These people wear their heart on their sleeve, which they use to wipe aware the tears that flow every time they open their mouth. The goal of the Drama Queen is to get a reaction from the audience. They will talk endlessly until they feel like they have “connected” with the audience.
They will also seek validation by adding or creating drama to an issue. The results are either more conflict at the meeting—or more likely—leaving the audience speechless from fatigue. Either way, the Drama Queen steals the spotlight from the discussion.
Exit Stage Right…
The real audience for the Drama Queen is themselves. These people are unsure of their opinions, and Drama Queens crave external validation. Don’t give it to them. Without any applause or feedback, they will learn that their performance doesn’t get them anywhere. They have to learn to trust themselves.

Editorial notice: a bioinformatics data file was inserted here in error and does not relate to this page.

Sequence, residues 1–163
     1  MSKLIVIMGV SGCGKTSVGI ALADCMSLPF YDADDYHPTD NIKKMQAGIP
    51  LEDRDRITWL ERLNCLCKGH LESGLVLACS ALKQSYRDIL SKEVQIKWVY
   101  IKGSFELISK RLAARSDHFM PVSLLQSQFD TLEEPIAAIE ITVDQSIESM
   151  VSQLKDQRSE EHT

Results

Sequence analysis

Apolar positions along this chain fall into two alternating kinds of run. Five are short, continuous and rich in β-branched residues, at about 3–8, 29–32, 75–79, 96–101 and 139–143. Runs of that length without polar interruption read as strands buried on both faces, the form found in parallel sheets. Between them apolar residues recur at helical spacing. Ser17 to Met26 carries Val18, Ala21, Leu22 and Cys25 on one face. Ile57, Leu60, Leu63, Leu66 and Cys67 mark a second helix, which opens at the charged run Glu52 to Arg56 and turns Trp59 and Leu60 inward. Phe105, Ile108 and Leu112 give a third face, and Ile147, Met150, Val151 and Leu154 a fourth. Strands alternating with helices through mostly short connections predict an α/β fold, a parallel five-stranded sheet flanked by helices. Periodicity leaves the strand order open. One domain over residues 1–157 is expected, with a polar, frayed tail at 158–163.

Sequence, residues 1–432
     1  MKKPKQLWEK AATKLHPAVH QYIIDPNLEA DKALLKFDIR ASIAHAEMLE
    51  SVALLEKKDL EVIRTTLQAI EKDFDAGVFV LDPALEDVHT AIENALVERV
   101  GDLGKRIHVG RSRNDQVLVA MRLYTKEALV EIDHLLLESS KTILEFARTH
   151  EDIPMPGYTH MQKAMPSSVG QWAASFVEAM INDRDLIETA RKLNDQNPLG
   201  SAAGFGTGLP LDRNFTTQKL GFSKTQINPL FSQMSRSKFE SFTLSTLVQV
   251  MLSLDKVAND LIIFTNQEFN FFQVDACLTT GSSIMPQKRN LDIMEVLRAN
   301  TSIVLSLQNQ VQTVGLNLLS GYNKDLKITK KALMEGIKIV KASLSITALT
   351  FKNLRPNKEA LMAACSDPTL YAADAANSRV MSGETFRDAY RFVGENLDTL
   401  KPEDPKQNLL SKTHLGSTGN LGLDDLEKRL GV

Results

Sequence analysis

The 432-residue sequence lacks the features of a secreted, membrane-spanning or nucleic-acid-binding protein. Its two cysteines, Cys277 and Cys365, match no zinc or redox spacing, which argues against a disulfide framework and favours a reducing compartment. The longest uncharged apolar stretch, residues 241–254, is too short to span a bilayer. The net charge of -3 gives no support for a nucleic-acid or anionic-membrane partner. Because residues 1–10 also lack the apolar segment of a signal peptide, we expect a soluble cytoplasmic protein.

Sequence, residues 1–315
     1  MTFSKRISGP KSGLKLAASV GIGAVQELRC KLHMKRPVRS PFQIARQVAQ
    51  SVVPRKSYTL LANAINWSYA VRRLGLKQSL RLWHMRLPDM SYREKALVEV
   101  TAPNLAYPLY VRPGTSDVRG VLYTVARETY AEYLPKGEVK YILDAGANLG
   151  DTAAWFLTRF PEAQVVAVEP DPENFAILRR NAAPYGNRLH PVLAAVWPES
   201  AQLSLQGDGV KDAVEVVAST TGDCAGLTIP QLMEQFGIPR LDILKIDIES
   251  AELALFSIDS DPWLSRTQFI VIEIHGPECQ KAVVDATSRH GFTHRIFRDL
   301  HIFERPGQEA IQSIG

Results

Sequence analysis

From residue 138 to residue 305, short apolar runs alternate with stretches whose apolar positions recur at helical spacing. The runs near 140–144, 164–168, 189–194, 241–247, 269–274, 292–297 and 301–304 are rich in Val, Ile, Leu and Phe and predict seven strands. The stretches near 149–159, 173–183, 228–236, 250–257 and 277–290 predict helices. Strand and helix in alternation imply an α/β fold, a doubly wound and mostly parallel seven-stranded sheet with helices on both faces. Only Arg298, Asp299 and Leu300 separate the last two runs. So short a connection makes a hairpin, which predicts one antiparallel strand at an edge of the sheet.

Asking a Drama Queen for their opinion is asking for trouble. Don’t give them a stage. They will create their own drama – try to avoid adding to it. Thank them plainly for their input and move on.
Drama Queens are often unaware of anything but themselves and least of all the time. They often rely on others to steer them. Don’t hesitate to tell them bluntly that time has run out...even if it’s a few seconds early.
The internal spotlight of the Drama Queens blinds them to the needs of others around them. Reminding them that “It’s important that we hear from other people” is their cue to exit the stage.
Drama Queens naturally take direction. When they learn to give up the tears and theatrics and present ideas – give them a big round of applause. Reward the ideas not the performance.